9. Welcome aboard! Well, yes there are many curricula out there. A lot depends on what you are looking for in a program and what type of learner your children are. No, to answer your first question. I use story of the world for history with the activity guide and I am all over the place for science. I use mystery science, brainpop videos, and real science odyssey. I would like to start science in the beginning this summer. 😆 you may like that one since it is Christian based. I have others I am contemplating. 🤔😏 Different programs offer different ways of teaching. For instance, with regard to math, there are programs out there that is workbook based and others that have lots of hands on learning (rightstart math). I use beast academy because my kids like the comic book guide. I sometumes use Singapore math because beast academy can be really hard. When I started homeschooling I looked at cathy Duffy's site because she has a bunch of reviews for most of the programs out there. I also read the well trained mind book and looked at the different homeschooling methods. Waldorf, classical trivium, Charlotte Mason, etc. Hope this helps!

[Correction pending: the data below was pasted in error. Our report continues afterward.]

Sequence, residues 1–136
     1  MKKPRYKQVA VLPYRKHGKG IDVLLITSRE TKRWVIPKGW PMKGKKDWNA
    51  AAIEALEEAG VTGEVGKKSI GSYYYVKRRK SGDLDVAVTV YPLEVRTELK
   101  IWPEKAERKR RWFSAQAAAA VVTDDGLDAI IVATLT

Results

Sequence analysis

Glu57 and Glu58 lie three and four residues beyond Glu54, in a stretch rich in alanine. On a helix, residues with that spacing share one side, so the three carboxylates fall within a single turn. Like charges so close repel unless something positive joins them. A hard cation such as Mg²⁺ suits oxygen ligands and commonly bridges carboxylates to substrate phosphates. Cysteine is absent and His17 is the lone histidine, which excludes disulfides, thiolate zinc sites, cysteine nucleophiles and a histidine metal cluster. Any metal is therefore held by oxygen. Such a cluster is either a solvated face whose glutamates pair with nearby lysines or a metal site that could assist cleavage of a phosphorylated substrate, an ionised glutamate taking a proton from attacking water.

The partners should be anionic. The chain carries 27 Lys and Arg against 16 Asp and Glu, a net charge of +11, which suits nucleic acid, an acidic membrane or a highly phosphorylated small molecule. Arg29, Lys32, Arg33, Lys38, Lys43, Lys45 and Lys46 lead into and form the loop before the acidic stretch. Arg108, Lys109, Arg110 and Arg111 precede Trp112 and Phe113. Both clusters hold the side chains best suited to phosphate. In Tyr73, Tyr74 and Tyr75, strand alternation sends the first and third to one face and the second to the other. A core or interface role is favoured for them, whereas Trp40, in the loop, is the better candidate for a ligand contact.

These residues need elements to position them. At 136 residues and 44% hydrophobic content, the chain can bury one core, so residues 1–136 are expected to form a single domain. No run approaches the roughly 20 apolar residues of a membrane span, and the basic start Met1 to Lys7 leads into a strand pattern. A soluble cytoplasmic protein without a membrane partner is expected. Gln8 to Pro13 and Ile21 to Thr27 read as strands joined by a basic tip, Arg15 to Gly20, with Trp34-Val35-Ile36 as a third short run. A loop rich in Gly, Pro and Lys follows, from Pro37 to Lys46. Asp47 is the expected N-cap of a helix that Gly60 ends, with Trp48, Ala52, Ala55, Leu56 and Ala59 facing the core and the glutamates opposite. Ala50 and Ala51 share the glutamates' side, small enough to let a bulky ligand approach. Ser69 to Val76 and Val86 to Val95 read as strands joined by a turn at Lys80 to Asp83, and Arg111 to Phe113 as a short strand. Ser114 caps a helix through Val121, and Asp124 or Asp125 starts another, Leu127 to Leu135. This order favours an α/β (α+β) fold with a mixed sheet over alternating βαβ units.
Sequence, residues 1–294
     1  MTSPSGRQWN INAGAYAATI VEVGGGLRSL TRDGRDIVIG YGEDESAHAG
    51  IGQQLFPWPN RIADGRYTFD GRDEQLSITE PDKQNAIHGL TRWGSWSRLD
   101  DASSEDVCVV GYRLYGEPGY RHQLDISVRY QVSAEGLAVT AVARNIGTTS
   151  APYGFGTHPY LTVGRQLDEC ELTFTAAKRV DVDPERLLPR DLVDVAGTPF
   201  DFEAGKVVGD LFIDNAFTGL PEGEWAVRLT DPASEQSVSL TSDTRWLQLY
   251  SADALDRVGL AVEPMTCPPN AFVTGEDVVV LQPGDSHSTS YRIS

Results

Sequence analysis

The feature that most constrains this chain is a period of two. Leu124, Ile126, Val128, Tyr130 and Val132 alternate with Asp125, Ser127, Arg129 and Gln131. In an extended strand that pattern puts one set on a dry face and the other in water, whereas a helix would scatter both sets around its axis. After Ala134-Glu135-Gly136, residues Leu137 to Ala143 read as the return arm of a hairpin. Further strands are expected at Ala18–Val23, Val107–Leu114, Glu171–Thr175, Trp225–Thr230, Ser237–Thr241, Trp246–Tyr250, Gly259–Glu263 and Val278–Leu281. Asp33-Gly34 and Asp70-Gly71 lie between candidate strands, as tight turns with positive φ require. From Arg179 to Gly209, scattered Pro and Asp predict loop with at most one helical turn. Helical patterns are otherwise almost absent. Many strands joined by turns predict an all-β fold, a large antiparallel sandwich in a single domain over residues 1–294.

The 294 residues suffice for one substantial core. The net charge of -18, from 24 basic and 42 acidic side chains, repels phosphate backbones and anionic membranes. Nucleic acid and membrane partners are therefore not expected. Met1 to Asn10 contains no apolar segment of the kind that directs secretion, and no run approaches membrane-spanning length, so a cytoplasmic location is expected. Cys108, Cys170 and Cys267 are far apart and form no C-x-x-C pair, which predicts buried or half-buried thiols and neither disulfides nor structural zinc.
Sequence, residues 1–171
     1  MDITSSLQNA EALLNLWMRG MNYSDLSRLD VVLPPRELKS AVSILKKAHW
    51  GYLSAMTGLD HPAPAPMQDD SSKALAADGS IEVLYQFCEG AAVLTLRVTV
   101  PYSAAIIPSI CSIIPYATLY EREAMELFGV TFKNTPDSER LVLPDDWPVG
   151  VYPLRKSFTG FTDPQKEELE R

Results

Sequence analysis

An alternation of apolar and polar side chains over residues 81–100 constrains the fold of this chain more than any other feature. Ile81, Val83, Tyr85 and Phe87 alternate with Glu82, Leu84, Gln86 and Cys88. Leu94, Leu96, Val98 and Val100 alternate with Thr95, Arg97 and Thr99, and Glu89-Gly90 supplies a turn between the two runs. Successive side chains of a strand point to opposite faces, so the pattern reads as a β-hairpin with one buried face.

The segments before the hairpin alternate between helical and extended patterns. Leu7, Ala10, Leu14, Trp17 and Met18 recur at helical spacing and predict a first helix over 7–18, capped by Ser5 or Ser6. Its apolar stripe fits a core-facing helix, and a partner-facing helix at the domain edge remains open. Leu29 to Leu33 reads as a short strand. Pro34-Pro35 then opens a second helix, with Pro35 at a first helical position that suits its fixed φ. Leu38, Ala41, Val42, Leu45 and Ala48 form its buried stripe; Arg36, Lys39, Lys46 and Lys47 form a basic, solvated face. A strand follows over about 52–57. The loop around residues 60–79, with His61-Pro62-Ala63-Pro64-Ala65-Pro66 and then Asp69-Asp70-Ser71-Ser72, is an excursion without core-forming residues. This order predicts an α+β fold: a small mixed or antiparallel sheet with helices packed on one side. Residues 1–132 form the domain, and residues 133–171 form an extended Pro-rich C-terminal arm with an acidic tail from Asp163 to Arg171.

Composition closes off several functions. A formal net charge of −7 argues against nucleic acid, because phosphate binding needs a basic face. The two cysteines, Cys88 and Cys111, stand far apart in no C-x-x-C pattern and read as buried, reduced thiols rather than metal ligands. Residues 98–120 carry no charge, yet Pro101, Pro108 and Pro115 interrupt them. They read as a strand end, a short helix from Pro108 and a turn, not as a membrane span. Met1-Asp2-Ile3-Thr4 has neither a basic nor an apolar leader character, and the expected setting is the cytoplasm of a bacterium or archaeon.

10. Apparently we are much more 'by the seat of our pants' than many of you. 🙂 For most of the year, our schedule is 4 days, with co-op on Thursdays. From past experience, I know that if we do younger's Singapore Math 4 days/week, usually doing 1 lesson/day, we'll finish by the end of the year. Older usually does AoPS 3 days and LOF on our busy, out of the house day. Now that kiddo is older, we seem to move at a reasonable pace doing that. With MCT language arts, we do the grammar book 3-4 days/wee until it's done, and then I let the kids pick - do they want to do the vocab, writing, and poetry books sequentially or each a certain number of days/week? Younger's spelling is daily, one unit/week. Handwriting is done through 5th grade, 2-4 days/week until it's done. In the early grades, we do history and science in units, so we do 2-9 weeks of a topic and then switch, usually doing world history and geography first, then a science unit, and then in the spring doing US history and then science. They have done co-op art, and younger has done music and acting, and I have done art as a stand-alone module and also incorporated some with history, depending on the kid. Once they get older, history and science are done daily (or most days). For older, we usually aim to be 'on track' in the book at the end of each quarter. We don't move at a constant pace, but the it's a general guide to help us see that if we spent a long time on WWI, we might need to move more quickly through WWII (or, alternatively, don't dilly-dally on something if you want to spend a long time on an upcoming unit). For co-op classes (mostly fun enrichment, but older takes Latin and they sometimes take an academic class), we figure out how much time each takes and they figure out what days they want to do the work. Once we've eyballed this, we make a schedule of what subjects are to be done each day. For my middle schooler, something is done in each subject area every day, but kiddo can decide whether to break vocab into 2 days or finish it in 1 and which days are best for literature reading for language arts and which days are good for textbook reading, online research, paper writing, etc for history. Younger has some say in this, but I break each subject into smaller parts and then let kiddo assign them to a day. It's kind of a weird dance, with me having mental plans and deadlines and trying to help the kids figure out what subjects can be scheduled on autopilot (math and spelling, 1 lesson/day), which ones they need to use some self-discipline not to procrastinate on (for both of mine, anything with writing - I have to monitor that to make sure that they leave enough time), and which they just need to limit (yes, I said that you can read some Sherlock Holmes for literature...but not all day). But, at least for older, it's starting to pay off. I was happy to see kiddo schedule literature any time we had to drive somewhere since it was easy to do in the car, and completely wowed when he did work for a co-op class right after co-op, while waiting for sibling at karate, and finished on Saturday morning before I was up, so that it wasn't taking up time during our school day during a busy stretch.